“Reading facility is not simply a useful additional skill for a musician to have. It is, in sense, necessary for full membership to the musical community.”
Sight reading has a new found significance for guitarists in the twenty-first century. The expansion of the chamber music repertory, and the inclusion of guitar in tertiary level chamber music courses, has engendered a new level of participation from guitarists in chamber music performance. The tendency of guitarists to be solitary figures has permitted poor sight reading skills to go largely unnoticed; however, with the increasing amount of guitarists participating in chamber music, sight reading deficiencies have become ever more apparent. The memorization of works plays a large role in the life of a guitarist and the use of memorization can supplant the need to have adequate reading skills on any level, let alone at sight. The dependency on memorization for solo repertoire can yield many benefits for performers, however, in a chamber music setting memorization prior to rehearsal can render a guitarist inflexible and unresponsive to the type of communication that is inherent in chamber music. The necessity of a well-formed sight-reading skill becomes more apparent as technique and performance standards rise to levels comparable to those of other musicians. And, as Sloboda argues, development of the sight-reading skill is one of the final steps towards integrating guitarists into the musical community.
Despite the dramatic improvement in most areas of guitar pedagogy there are still several areas that remain undeveloped and desperately in need of attention. Sight reading skills possessed by tertiary level students are at an inadequate level to cope with professional level engagements. It is a deficiency that affects a guitarist’s life and the instrument’s reputation and there is no reason for the level of sight-reading to remain as low as it currently is.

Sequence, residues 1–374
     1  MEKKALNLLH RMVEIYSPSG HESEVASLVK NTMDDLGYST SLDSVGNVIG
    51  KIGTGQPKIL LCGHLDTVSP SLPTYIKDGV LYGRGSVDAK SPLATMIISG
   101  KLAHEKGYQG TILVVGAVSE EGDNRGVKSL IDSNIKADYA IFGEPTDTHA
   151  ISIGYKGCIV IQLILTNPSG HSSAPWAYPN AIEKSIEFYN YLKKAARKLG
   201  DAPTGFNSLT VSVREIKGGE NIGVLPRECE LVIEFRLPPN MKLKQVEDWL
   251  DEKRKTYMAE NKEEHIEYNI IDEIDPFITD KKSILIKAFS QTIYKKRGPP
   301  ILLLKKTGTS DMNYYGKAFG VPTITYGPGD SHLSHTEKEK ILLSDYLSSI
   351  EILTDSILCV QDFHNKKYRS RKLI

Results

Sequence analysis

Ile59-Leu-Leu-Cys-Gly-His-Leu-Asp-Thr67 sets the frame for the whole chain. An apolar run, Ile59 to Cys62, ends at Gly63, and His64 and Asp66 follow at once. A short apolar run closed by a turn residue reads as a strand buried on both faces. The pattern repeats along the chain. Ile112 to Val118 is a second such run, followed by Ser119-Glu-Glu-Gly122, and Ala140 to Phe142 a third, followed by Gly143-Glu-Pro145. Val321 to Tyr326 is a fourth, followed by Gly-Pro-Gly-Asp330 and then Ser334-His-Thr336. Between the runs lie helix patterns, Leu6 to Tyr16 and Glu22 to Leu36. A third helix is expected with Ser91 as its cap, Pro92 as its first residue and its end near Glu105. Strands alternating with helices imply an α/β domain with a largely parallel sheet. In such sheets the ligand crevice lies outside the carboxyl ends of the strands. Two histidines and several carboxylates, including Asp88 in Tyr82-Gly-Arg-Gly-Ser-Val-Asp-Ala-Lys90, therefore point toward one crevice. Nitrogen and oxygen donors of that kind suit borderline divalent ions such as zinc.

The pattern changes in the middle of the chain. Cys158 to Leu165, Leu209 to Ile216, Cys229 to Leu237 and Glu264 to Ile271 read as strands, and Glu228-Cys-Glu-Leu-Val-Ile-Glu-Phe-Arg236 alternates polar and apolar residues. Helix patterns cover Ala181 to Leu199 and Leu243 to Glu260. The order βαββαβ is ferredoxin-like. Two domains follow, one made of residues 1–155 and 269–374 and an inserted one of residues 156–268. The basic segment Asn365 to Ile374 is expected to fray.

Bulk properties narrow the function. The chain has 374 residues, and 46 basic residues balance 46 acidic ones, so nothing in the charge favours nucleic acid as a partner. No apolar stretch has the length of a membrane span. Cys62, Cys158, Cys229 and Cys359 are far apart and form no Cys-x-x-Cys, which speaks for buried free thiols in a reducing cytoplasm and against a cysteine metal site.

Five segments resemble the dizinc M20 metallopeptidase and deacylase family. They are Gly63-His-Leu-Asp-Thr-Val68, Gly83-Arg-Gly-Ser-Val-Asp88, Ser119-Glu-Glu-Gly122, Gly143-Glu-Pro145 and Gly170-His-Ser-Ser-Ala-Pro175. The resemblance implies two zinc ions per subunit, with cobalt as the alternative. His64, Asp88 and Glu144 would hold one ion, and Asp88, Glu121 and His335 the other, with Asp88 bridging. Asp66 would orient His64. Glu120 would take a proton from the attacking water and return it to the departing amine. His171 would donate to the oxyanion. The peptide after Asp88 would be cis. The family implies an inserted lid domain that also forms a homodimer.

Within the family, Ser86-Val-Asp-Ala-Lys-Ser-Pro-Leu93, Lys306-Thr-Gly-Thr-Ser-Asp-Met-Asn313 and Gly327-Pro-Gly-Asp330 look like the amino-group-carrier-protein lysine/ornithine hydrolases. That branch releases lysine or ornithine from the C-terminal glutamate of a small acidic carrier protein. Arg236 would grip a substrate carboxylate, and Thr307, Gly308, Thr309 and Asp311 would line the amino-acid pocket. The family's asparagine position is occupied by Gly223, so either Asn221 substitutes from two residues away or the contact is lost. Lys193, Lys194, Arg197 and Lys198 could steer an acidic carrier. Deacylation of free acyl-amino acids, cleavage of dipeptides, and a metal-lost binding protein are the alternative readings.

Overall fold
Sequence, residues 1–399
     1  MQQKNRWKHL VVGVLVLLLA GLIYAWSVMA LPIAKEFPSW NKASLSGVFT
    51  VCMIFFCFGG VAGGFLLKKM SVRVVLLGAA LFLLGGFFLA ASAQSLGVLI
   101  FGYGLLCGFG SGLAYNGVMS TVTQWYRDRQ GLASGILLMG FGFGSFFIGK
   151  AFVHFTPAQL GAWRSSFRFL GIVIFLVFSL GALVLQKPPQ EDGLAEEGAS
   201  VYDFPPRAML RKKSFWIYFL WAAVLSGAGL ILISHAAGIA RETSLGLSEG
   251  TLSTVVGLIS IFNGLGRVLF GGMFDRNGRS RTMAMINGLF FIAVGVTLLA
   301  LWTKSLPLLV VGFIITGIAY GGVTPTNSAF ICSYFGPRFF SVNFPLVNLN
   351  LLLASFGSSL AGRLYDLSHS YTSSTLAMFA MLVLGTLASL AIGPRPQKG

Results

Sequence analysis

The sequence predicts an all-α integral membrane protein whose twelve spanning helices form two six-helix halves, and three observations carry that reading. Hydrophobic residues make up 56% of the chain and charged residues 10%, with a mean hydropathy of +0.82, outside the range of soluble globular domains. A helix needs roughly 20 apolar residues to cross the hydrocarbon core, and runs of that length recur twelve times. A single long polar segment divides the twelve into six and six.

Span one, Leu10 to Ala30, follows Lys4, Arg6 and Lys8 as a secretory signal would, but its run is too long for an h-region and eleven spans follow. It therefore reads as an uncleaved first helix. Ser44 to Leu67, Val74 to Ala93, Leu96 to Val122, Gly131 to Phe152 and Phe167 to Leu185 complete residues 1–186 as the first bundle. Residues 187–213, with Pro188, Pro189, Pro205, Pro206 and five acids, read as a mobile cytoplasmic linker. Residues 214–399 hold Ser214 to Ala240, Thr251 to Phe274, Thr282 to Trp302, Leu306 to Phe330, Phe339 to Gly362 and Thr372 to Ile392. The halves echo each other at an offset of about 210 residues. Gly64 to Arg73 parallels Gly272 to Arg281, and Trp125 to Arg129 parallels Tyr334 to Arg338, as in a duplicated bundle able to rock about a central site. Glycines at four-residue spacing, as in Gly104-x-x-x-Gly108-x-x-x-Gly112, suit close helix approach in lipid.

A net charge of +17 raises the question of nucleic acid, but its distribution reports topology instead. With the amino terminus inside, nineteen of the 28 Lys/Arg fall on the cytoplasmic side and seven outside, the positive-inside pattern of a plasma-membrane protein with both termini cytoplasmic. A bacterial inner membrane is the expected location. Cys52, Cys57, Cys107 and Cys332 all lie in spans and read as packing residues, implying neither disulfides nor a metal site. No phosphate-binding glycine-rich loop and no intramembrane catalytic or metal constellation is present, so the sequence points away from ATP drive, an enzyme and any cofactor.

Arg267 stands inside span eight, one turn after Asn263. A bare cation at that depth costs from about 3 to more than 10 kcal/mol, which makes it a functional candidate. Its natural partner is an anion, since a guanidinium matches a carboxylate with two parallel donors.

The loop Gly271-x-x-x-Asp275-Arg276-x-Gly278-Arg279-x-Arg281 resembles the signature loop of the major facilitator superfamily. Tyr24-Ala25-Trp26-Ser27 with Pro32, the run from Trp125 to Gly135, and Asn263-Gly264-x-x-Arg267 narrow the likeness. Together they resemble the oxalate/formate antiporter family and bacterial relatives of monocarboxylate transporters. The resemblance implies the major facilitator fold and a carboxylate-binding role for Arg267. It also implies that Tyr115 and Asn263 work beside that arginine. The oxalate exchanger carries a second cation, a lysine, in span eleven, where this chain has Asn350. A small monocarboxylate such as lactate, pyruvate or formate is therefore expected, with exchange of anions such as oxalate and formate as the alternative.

Sight-reading draws on many subsets of skills that can be grouped under the broad term of musicianship. Rhythmic knowledge, harmonic analysis, stylistic knowledge, score reading, solfège and aural skills are all utilized in the process of sight reading.
The Harvard Dictionary of Music defines sight reading as:
The performance of a piece of music on seeing it for the first time. Performing at sight on an instrument requires the ability to grasp the relevant technical skills for execution; this should be accompanied by the skills of the ear as well. The ability to perform efficiently at sight and the ability to give finished performances of distinction do not necessarily go together, and both sought be among the goals of musical instruction.
It is important to make a distinction between sight-reading and reading music with the intent of learning the work for performance. The goal of sight-reading can vary, but for the most part, a coherent and approximate reading will serve the purposes of initial rehearsals or obtaining an overview of a piece. Rarely is the goal to reproduce the notated music exactly upon the first reading. These situations do exist, in recording sessions for example, but they are the exception rather than the rule. Contrary to this reality is the desire of many guitarists to play exactly what is notated on the page. This can be one of the biggest hindrances to good sight reading as the resulting process of error-correction disturbs the flow and coherency of the music. Alternatively, when sight-reading is understood to be a rough approximation of the music, the reader is no longer burdened by trying to create an exact realization of the music. Within this freedom of musical approximation the reader can remove notes, add notes, manipulate rhythms and vary the music as much as needed in order to create a musical rendition that has fluency, coherence, and intelligibility. In a chamber music setting this approach enhances the ability to play with fluency and continuity, and it allows a group to rehearse and study pieces with efficiency and ease.